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TT organisers dismiss suggestion of Honda influence
7 January 2014
The organisers of the Isle of Man TT races have rejected a suggestion that a change in regulations in the Superbike class was implemented at Honda's request.
The claim was made in an official statement issued by Milwaukee Power Tools, title sponsors of Shaun Muir's MCE British Superbike and international road racing team.
It relates to new rules preventing the use of trick electronics at the TT in 2014, which Muir feels puts his riders at a disadvantage compared to their rivals.
The statement from Milwaukee Power Tools said: “The forced ECU changes, suggested at the outset by Honda, would have made all SMR road racing machinery less competitive than its rivals, and the control ECU that SMR would have been forced to fit [Motec] – gives less control than that of their main competitors' Kit systems.”
Milwaukee has pulled the plug on its backing for Muir's team at the TT this year.
However, the Isle of Man TT organisers have dismissed the suggestion Honda influenced the rule change.
“The Department of Economic Development and ACU Events Ltd, organisers of the Isle of Man TT Races, regret the decision by Milwaukee Power Tools to withdraw their sponsorship from Shaun Muir Racing (SMR) for the 2014 Isle of Man TT races as a result of a regulation change in the Superbike class,” said an Isle of Man TT statement in response.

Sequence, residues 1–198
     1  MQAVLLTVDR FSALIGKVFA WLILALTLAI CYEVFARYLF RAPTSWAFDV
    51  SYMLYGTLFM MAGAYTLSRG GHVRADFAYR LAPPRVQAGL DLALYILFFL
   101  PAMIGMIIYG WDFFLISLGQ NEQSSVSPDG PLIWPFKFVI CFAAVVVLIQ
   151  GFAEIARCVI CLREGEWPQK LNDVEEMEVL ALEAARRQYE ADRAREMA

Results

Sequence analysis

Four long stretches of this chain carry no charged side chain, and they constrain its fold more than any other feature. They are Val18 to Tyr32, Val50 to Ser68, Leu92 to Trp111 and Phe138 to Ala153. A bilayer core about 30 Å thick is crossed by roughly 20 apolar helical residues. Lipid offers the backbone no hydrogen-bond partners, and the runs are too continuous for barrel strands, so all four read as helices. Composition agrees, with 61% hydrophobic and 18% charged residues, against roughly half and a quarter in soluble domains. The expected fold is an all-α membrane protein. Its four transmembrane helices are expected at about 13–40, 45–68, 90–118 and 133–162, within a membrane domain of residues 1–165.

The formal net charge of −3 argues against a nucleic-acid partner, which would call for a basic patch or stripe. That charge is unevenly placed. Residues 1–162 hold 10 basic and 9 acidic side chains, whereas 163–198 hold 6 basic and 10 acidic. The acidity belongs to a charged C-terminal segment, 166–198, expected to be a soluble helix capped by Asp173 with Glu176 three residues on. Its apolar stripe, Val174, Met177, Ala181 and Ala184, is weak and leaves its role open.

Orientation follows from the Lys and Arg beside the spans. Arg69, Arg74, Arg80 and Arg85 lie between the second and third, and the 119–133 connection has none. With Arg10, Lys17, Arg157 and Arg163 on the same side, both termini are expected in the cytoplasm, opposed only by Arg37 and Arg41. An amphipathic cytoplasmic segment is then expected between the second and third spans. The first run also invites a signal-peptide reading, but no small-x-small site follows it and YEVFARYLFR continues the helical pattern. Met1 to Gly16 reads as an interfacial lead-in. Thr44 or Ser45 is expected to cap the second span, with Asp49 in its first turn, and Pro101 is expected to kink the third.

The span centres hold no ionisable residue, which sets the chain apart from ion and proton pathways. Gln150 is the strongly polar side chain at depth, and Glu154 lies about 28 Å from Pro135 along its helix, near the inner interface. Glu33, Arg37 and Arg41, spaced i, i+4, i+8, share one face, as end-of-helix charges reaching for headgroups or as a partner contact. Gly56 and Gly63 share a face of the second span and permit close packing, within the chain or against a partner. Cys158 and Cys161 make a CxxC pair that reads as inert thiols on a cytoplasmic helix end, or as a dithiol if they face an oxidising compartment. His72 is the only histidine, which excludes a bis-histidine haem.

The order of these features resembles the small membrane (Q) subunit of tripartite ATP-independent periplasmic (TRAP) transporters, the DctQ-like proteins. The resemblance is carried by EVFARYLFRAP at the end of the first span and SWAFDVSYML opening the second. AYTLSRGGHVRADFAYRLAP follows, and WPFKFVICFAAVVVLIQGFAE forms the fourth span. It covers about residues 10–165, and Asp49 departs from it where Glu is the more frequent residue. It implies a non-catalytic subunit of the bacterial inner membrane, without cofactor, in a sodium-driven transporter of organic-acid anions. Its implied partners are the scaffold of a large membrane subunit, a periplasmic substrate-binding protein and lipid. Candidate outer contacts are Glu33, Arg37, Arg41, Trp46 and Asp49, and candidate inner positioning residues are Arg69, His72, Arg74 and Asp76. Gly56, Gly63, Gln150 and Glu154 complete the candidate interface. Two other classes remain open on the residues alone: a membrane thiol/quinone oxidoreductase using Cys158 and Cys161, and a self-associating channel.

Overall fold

“ACU Events Ltd amended the regulations following consultation with the motorcycle manufacturers as part of a longer-term strategy to contain costs for the TT teams and competitors.
“Despite extensive mediation and consultation with SMR, which began in July 2013, ACU Events Ltd is disappointed that the team has rejected the compromise proposed for the 2014 Races,” the statement continued.
“At no point did any one manufacturer influence the decision and after discussions with a number of competitors, ACU Events Ltd does not believe that it will in any way compromise rider safety, which remains the organisation's utmost priority.”
The Milwaukee Yamaha machines use a Magneti Marelli ECU on their road racing R1s but under the change in regulations, Muir would be required to switch to the Motec system or run Yamaha's own kit electronics.
However, the team has argued that it would cost in the region of £30,000 to change to the Motec variant and contend that Yamaha's kit ECU is much less competitive than the standard systems used by rivals such as Honda and Kawasaki.
Although Milwaukee Power Tools has withdrawn its support of Muir's team at the TT, the company will remain on board for the British Superbike Championship plus the North West 200, Ulster Grand Prix and Macau Grand Prix.
Muir, of course, may yet still opt to compete at the TT with Ian Hutchinson and Josh Brookes under the SMR banner or with alternative support.
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